THE bulk of domestic consumers may have to pay higher tariff on power due to the combined effect of one percentage point rise in Central excise and a possible inclusion of transmission and distribution (T & D) in the service tax net. According to a State Government source, the cost of power may move up by 6 paise a unit.
The concession rates of excise duty of 1.03 per cent and 5.15 per cent have been increased to 2.06 per cent and 6.18 per cent respectively on many specified products. As a result, basic and necessary goods—such as tooth powder, spectacles/lenses, sewing machines, pens, pencils, sugar confectionaries, pastry, cakes, paper, drugs, medical equipment etc.—will now be costlier by 0.5 per cent to 0.7 per cent.

On imported bicycles, the basic customs duty has been raised from the existing 10 per cent to 30 per cent. Now a branded luxury bicycle costing Rs 15,000 will cost between Rs 17,000 and Rs 19,000.

The only silver-lining in the Budget proposals is that the textile sector has emerged as one of the biggest gainers from the Budget. The incentives include a proposal to set up mega clusters; a Rs 500 crore scheme for promotion and application of geo-textiles in the North-East; Rs 5000 crore Venture Fund with SIDBI to enhance the availability of equity to the MSME sector; and full exemption to automatic shuttle-less looms from five per cent basic customs duty to modernise the weaving sector.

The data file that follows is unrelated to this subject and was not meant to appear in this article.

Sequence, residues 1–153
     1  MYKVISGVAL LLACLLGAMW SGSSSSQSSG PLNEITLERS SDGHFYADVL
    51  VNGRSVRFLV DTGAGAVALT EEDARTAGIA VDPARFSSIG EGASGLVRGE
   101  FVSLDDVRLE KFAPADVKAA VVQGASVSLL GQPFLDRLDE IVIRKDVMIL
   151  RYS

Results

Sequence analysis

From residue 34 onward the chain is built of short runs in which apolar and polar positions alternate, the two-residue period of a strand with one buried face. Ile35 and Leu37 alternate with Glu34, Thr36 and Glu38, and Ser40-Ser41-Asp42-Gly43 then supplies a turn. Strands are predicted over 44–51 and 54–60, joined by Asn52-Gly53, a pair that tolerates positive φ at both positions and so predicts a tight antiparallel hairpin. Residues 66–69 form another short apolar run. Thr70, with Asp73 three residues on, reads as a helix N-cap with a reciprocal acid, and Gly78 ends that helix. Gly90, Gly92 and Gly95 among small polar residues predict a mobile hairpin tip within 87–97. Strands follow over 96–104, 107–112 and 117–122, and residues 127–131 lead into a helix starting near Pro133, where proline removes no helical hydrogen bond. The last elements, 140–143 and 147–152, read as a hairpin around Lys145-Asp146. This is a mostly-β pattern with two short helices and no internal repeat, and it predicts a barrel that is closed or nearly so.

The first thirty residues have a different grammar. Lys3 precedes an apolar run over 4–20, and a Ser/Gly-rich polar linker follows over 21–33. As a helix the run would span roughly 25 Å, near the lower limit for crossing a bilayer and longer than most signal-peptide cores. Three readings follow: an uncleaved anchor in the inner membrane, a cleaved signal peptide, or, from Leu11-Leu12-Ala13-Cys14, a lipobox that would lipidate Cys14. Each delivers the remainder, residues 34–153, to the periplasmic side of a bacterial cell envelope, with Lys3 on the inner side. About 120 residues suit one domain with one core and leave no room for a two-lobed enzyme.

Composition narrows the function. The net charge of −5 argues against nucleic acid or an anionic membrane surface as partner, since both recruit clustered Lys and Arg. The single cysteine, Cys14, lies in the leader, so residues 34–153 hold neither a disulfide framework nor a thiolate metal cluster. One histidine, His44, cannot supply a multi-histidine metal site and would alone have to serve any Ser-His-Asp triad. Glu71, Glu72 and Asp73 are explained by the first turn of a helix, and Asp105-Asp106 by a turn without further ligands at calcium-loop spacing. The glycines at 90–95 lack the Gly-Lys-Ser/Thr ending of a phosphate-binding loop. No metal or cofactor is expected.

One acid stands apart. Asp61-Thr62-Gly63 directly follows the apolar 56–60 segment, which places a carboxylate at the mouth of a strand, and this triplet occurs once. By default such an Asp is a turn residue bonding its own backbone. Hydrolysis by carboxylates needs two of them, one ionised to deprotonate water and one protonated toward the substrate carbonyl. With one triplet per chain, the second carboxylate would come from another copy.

Understated Fiscal Deficit

THE most alarming feature of the Budget is that the total fiscal deficit now stands at Rs 521,980 crores or 5.9 per cent of the GDP. Internationally, a three per cent fiscal deficit is considered healthy. This works out to over Rs 2.5 lakh crores given India’s current GDP. If taxes were honestly collected and unnecessary concessions phased out, and the resultant revenues were spent on creating necessary socio-economic infrastructure, physical infrastructure, and other productive programmes, the country could have generated huge additional employment in the past few years. The resultant growth of domestic demand would have kept India on a higher growth trajectory leading to the much needed inclusive growth pattern.

Again, the Budget understated the deficit figure because the full impact of the subsidy burden is not reflected in this figure. After a huge dose of higher taxation and the expectation that the growing economy will fetch higher collections, the Budget has accounted for a higher corporate taxation amounting to Rs 45,547 crores, a higher income tax of Rs 23,907 crores, a higher custom duty of Rs 33,964 crores, a higher Central excise of Rs 43,655 crores and a higher service tax of Rs 29,000 crores.